Why You Should Add SSL to Your Site
Website security is one of those things that everyone knows they should care about,
but most people don’t fully understand it.
Security is just plain hard, and many people don’t have the time to focus on it until there is a real, tangible reason to make a change. In some cases the results of ignoring security are horrible and very, very public. Sometimes people are lucky and “only” have a scare that changes their focus. More and more though, people are becoming aware of viruses, identity theft, hackers, botnets, ransomware, etc whether they understand them or not. They get nervous when their browser pops up any kind of security alert. Security’s prevalence in the news, along with recent updates to various browsers, are why you need to think about adding an SSL Certificate to your site.
For the basics, a certificate encrypts traffic that is sent to and from your site. Historically you would see little “s” after the http in the site url, or a little padlock to the left of the site name. It is one of those things that has always been absolutely essential on payment and login pages, but is something that you very possibly never paid much attention to. And when you go to sites now and notice the green padlock you probably don’t give it a thought, or wonder why you would see it when you just search on google.com? And you probably never think “Hey I need that on my site!”.
Security’s prevalence in the news, along with recent updates to various browsers, are why you need to think about adding an SSL Certificate to your site.
Unfortunately, we are at the point where people who don’t have “https” on their web sites are experiencing some tangible reasons why they need it. Right now if you have any kind of a login on your site your visitors are seeing this:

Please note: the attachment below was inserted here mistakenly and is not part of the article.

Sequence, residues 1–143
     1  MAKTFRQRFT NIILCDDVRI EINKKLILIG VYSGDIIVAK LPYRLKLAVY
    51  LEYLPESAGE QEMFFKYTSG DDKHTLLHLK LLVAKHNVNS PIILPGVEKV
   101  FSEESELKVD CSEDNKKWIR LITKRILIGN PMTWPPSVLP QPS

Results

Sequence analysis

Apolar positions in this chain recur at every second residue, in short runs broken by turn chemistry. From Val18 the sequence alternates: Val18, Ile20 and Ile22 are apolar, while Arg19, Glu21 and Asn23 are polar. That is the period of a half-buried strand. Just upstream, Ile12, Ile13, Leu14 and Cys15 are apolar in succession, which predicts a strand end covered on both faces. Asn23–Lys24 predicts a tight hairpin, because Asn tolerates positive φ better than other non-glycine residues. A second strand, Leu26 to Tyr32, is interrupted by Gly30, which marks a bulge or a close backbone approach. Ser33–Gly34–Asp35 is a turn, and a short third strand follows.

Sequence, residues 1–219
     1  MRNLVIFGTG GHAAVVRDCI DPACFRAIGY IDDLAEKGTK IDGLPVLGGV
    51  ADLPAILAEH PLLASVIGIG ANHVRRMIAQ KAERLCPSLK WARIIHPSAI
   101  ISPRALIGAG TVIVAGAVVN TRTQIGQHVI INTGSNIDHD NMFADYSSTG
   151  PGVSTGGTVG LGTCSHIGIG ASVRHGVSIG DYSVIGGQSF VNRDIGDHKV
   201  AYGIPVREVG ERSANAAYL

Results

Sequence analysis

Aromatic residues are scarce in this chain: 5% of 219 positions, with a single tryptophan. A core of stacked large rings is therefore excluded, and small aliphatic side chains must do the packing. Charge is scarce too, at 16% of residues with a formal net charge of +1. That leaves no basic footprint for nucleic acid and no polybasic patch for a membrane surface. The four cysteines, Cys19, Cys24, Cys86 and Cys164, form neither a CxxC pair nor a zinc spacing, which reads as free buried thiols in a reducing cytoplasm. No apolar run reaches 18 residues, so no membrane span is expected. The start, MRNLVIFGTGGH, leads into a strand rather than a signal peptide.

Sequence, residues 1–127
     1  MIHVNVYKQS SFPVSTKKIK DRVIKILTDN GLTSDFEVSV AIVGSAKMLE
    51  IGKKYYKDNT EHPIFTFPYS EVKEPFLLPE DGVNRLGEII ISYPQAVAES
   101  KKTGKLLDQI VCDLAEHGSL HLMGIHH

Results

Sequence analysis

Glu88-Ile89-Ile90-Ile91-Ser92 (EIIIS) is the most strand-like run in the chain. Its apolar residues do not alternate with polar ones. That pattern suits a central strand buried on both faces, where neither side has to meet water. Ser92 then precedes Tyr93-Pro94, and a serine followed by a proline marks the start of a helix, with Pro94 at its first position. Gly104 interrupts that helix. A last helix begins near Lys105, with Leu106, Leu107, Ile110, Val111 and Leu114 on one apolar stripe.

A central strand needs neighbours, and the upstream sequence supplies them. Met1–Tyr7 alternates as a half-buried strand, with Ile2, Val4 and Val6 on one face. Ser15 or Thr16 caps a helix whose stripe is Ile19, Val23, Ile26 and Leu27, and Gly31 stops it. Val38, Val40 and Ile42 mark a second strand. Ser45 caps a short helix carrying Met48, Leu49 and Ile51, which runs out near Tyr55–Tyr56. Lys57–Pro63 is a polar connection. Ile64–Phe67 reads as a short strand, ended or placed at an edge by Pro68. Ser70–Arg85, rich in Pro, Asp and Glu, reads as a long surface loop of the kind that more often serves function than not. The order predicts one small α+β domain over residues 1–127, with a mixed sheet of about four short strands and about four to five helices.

We get questions about that message quite often. We have even seen Chrome escalate to the error message to the right (“Phishing attack ahead”) if you don’t have a certificate and are letting people log into your site.
That fills the entire browser window and scares people to the point where they may never come back to your site. In both cases the fix is to add a server certificate to the site.
Chrome now displays that gray “Not Secure” message on every non-https page, and frequently displays a full screen “This Site Is Not Secure” message, forcing visitors to click a tiny “It’s Ok, I know the Dangers” link to access the site. Other browsers have similar messages they display for non-https pages.
It doesn’t matter what you have on your site, people are going to be afraid and leave when they see that message. It doesn’t matter if you have pictures of your cat, or if you are selling diamonds, visitors are going to see a red “Not Secure” message and probably leave.
The fact that everyone is on high alert for any kind of warnings these days makes this a pretty big deal. Site owners receive inquiries from visitors who see the message, and in those cases they don’t typically hear it from the first person who got the message. So traffic is being lost already and so far they are only in phase one of their plan.
It doesn't matter if you have pictures of your cat, or if you are selling diamonds, visitors are going to see a red “Not Secure” message and probably leave.
To be clear, there are about 1000 excellent technical reasons why you should have a certificate on your site and encrypt all traffic. Some are easy to explain, some are complex. There are all kinds of encryption levels, and options. Some certificates are free, some cost hundreds of dollars. Historically it was up to you, and was dependent on the type of information you had on your site. But in today’s internet, it is a must have, simply to keep from potentially scaring your visitors.
If we can help interpret any of this for you please let us know. There are a number of complexities that having a certificate can add to your site, and we have a lot of experience helping people through the process.
Google’s full policy on SSL can be found here: Moving towards a more secure web